VAT: A Hot Potato for HMRC?

HM Revenue & Customs (HMRC) are considering issuing letters to the accountants of restaurant and takeaway businesses across the country, emphasising the importance of correctly applying VAT on hot food.

This move comes amidst potential confusion amongst business owners regarding the varying VAT rates applicable to different types of food items.

HMRC has always considered that businesses in the food industry present a risk as far as VAT is concerned.

Understanding VAT on hot and cold takeaway food

The crux of the matter lies in distinguishing between hot and cold takeaway food items and their corresponding VAT rates.

Catering is always subject to VAT at the 20 per cent ‘Standard Rate’. Catering includes all food to be eaten on a business’s premises, but also any food which is sold “Hot” as a takeaway.

On the other hand, certain cold takeaway foods can enjoy a zero-rated VAT status.

However, for these items to be zero-rated, they must not be advertised as hot products and should not be kept warm post-cooking.

It could also be argued that HMRC has a certain prejudice against restaurant and takeaway businesses.

They sometimes appear to consider that staff may not be recording sales correctly (particularly where there is a mixture of cold and hot takeaway food which could confuse the way that sales or VAT should be recorded).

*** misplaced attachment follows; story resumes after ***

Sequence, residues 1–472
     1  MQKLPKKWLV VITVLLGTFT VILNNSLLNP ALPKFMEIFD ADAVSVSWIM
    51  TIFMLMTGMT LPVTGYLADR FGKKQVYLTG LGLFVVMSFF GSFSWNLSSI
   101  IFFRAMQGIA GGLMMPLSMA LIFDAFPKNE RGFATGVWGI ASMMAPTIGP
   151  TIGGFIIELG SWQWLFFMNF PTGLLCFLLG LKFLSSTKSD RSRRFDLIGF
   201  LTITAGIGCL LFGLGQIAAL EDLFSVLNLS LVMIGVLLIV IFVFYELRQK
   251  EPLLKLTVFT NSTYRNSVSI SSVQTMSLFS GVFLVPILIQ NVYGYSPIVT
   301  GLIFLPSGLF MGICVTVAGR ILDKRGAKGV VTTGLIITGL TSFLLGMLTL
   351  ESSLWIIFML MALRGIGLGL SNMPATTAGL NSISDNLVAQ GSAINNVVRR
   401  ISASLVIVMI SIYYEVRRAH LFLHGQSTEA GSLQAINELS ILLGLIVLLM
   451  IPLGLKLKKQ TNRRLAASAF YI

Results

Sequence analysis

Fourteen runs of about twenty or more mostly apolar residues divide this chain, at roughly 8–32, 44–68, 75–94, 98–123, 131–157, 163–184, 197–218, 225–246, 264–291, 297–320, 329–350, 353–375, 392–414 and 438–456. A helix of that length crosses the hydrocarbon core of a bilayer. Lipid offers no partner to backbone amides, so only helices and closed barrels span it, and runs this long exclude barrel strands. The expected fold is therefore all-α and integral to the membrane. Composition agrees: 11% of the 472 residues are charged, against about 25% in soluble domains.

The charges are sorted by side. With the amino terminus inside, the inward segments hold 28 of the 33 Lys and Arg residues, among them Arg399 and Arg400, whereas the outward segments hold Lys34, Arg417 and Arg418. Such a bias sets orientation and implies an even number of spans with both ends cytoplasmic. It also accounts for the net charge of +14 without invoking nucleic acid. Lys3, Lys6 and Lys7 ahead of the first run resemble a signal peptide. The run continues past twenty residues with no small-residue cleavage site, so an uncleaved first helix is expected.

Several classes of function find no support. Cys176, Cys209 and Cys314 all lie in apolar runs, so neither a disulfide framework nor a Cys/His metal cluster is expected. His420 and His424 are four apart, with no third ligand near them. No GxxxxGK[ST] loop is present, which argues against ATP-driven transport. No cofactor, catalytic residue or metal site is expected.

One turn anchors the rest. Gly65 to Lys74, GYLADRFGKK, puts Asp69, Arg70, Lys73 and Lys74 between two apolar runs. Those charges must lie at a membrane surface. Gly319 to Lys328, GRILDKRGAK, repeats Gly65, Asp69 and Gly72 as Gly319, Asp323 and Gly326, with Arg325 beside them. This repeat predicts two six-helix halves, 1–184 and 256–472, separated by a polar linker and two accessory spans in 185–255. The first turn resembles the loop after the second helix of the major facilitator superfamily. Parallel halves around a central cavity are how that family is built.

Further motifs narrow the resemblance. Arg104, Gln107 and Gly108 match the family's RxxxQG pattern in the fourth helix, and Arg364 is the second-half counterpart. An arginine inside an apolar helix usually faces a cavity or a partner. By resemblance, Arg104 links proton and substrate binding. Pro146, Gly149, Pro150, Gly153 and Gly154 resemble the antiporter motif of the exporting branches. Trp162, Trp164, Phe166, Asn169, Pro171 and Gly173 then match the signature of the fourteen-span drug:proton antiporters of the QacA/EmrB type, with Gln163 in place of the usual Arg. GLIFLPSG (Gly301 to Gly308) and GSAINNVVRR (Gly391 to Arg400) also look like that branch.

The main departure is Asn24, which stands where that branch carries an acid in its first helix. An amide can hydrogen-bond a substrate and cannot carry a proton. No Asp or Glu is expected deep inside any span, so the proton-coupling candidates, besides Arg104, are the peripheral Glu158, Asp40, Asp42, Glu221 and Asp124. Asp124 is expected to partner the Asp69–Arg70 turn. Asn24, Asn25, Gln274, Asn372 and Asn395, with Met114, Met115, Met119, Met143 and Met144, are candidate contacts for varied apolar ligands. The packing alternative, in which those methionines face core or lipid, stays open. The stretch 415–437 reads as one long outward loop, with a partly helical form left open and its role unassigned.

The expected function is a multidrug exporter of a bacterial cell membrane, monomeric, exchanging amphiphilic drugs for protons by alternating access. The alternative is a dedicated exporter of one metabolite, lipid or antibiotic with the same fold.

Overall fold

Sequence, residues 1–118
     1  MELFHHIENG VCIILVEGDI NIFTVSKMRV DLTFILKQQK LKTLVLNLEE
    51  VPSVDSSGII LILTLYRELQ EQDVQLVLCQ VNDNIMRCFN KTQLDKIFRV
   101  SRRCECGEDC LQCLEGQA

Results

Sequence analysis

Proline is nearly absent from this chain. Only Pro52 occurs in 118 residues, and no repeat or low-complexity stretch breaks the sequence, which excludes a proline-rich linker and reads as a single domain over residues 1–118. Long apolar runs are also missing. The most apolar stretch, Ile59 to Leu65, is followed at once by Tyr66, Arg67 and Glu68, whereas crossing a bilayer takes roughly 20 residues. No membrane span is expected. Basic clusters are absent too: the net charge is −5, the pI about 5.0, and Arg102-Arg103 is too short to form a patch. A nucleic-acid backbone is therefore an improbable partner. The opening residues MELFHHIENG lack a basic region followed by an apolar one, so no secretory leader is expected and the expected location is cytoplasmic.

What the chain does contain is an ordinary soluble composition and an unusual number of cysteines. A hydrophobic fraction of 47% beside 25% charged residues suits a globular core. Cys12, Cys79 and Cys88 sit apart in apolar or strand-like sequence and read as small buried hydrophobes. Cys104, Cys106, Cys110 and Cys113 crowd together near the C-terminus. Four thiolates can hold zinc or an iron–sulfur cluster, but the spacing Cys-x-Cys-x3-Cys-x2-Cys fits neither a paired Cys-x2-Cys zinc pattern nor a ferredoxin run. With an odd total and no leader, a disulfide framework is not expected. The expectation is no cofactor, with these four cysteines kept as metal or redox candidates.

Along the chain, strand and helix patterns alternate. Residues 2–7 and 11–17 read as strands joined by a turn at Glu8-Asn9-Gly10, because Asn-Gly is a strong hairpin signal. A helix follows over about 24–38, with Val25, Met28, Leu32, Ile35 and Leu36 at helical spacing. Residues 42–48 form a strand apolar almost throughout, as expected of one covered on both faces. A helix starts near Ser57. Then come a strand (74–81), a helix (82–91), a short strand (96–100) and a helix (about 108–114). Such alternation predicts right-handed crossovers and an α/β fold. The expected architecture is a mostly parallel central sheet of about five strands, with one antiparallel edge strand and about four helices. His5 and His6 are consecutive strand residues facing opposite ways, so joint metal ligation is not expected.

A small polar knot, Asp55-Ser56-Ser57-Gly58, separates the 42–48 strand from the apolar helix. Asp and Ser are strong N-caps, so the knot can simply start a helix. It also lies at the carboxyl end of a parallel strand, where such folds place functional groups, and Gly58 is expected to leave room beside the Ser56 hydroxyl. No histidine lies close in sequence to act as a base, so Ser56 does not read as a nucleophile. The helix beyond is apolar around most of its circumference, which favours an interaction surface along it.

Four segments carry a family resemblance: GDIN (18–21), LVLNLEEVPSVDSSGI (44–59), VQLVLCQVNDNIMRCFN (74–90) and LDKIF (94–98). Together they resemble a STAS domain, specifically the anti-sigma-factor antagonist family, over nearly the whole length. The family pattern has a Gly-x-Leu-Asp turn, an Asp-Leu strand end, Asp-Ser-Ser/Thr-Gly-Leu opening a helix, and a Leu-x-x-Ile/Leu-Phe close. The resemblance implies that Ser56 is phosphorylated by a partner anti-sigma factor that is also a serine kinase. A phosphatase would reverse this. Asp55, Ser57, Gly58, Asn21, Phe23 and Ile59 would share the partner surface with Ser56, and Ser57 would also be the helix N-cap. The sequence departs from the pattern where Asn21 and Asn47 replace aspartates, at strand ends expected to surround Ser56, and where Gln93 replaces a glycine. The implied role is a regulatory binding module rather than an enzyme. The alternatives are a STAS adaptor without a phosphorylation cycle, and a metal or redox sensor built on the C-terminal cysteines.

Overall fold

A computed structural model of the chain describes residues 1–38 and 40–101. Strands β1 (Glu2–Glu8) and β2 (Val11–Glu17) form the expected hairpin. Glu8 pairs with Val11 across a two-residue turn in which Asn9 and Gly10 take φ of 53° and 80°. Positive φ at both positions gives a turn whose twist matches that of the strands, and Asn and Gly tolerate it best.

On this basis, there have been many high-profile VAT cases recently involving sandwich franchises where HMRC has completed their own perhaps overly complex calculations to determine the element of takeaway sales they think have been made “Hot” which they then compare to the sales that have been recorded (by the relatively junior members of staff).

The VAT and Duties Committee has been told that HMRC will be contacting Card Payment Providers and Online Intermediaries (such as Deliveroo) to compare the takings that those businesses know about with the VAT that has been accounted for by the restaurant/takeaway business.

HMRC has said that they may then write to accountants to encourage them to ensure that clients are reviewing their VAT returns to determine whether they consider there are any errors in the way that “Hot Food” has been treated.

It is not known yet how many of these letters will be sent. It is also reported that HMRC are considering raiding takeaway businesses that they suspect of using software which suppresses the takings recorded in tills.

Seek professional advice

Navigating the VAT landscape can be challenging, especially with the intricacies involved in the food and beverage sector.

Where a business is selling “Hot” food whilst making the argument that VAT need not be accounted for, or where a business is indeed concerned that how sales are recorded could present risk, it would be prudent to have a discussion with our expert VAT team for bespoke advice.

Posted in News, Newswire.